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Attorney general to investigate Governor's use of secretive texting app

Use of Confide concerns open-government advocates

Attorney general to investigate...

JEFFERSON CITY, Mo. - Attorney general Josh Hawley said Wednesday that his office has "opened an inquiry" into Gov. Eric Greitens use of a secretive texting app, Confide, among senior members of his staff.

The app, which is on the personal phones of the Republican governor and multiple staffers, automatically deletes text messages after they are read. Confide also prevents capturing texts via screenshot or screen recording.

Democratic state Sen. Scott Sifton asked Hawley to look into the governor's use of the app after its use was first disclosed. On Wednesday, Hawley responded in a letter, saying his office will review if Sunshine and/or record retention laws have been violated.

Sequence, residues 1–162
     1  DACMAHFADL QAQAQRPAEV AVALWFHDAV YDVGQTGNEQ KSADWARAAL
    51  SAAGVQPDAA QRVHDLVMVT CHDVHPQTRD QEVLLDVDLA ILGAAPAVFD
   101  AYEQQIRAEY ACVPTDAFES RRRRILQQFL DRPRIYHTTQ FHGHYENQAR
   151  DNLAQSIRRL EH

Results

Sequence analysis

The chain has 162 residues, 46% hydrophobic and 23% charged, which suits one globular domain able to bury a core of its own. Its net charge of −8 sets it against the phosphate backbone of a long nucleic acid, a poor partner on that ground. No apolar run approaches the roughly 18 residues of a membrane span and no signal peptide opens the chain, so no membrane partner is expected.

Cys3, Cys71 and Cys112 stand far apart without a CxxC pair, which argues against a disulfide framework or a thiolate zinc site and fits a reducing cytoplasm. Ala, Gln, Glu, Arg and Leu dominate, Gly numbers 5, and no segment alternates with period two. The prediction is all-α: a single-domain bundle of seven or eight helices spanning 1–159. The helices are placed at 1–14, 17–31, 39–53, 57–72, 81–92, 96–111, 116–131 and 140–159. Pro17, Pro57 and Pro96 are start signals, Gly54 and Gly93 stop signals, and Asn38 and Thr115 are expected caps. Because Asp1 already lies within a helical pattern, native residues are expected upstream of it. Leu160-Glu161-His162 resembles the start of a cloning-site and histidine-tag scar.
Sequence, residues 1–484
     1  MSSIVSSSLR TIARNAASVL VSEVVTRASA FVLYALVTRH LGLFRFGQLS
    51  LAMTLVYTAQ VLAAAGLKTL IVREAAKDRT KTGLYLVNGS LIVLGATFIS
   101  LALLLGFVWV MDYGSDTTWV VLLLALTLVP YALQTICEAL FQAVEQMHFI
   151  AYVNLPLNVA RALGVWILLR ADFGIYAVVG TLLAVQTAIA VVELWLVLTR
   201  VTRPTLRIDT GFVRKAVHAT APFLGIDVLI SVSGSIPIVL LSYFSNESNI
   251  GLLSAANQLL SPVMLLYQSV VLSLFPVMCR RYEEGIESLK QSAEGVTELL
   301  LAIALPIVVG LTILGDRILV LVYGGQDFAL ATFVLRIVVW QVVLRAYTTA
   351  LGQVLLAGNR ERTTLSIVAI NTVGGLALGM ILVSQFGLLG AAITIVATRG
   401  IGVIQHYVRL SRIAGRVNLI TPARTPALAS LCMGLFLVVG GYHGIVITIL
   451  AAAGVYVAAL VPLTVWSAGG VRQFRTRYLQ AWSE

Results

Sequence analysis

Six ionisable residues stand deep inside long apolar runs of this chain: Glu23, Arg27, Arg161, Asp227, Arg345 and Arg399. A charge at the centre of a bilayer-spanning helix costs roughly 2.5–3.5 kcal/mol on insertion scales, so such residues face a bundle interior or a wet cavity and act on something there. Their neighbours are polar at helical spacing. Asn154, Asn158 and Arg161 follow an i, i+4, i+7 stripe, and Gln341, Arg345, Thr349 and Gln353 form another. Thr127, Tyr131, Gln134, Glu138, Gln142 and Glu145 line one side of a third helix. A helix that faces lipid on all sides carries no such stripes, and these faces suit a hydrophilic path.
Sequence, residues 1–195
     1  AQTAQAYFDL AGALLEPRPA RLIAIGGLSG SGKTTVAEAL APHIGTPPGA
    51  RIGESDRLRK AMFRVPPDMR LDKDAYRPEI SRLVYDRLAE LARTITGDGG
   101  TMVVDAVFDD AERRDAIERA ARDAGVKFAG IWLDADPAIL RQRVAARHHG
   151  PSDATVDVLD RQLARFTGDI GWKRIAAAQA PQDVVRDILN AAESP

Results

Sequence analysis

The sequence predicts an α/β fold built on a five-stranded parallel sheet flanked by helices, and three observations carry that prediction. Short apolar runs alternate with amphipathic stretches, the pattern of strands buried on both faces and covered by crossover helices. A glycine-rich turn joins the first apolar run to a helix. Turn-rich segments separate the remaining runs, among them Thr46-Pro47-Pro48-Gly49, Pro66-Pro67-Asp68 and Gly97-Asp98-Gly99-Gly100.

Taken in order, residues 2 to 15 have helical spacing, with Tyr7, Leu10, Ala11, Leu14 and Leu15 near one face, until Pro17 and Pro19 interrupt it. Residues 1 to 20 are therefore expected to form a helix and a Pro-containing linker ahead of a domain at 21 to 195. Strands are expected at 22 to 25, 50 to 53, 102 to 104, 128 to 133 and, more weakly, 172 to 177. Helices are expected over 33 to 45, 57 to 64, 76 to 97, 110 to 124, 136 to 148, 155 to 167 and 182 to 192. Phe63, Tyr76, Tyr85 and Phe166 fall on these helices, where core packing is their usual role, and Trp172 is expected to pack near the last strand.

ABC 17 asked Parker Briden, the press secretary for Greitens, for their reaction to the investigation. "We’re confident that this review of our records retention policy will show that we follow the law," Briden said. "Records related to official business of state government that come into the possession of Governor’s office staff are retained."

Last week, Greitens dismissed the notion of Sunshine or records retention laws being violated by use of the app. He said the report, originally published by The Kansas City Star, is a “nothing story that’s come from a liberal media outlet that is just desperate for salacious headlines.”

Use of Confide is not inherently illegal, but the nature of the app draws concern for open-government advocates because it's possible official business is being deleted by the app. It is illegal to destroy public records "regardless of physical form or charictaristics." 

For more on the definition of a "record," click here.

When asked if it's possible the governor and his staff deleted public records, Briden said, "Our office policy is straightforward: We follow the law." 

ABC 17 asked Sifton for his response to that statement. "I'm more interested in the investigator's assessment of the facts than the target's assessment of the facts before the investigation," Sifton said.


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